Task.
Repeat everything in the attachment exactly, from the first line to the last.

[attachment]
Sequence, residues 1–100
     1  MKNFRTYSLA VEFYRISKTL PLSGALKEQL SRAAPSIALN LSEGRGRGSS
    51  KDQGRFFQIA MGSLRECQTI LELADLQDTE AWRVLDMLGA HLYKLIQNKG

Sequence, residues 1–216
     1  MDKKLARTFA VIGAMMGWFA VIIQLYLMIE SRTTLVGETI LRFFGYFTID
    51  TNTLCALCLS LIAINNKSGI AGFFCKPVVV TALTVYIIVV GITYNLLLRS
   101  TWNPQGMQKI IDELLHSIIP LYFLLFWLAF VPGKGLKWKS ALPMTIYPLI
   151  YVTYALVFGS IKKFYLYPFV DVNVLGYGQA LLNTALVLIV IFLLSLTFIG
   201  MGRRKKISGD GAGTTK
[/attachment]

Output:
Sequence, residues 1–100
     1  MKNFRTYSLA VEFYRISKTL PLSGALKEQL SRAAPSIALN LSEGRGRGSS
    51  KDQGRFFQIA MGSLRECQTI LELADLQDTE AWRVLDMLGA HLYKLIQNKG

Sequence, residues 1–216
     1  MDKKLARTFA VIGAMMGWFA VIIQLYLMIE SRTTLVGETI LRFFGYFTID
    51  TNTLCALCLS LIAINNKSGI AGFFCKPVVV TALTVYIIVV GITYNLLLRS
   101  TWNPQGMQKI IDELLHSIIP LYFLLFWLAF VPGKGLKWKS ALPMTIYPLI
   151  YVTYALVFGS IKKFYLYPFV DVNVLGYGQA LLNTALVLIV IFLLSLTFIG
   201  MGRRKKISGD GAGTTK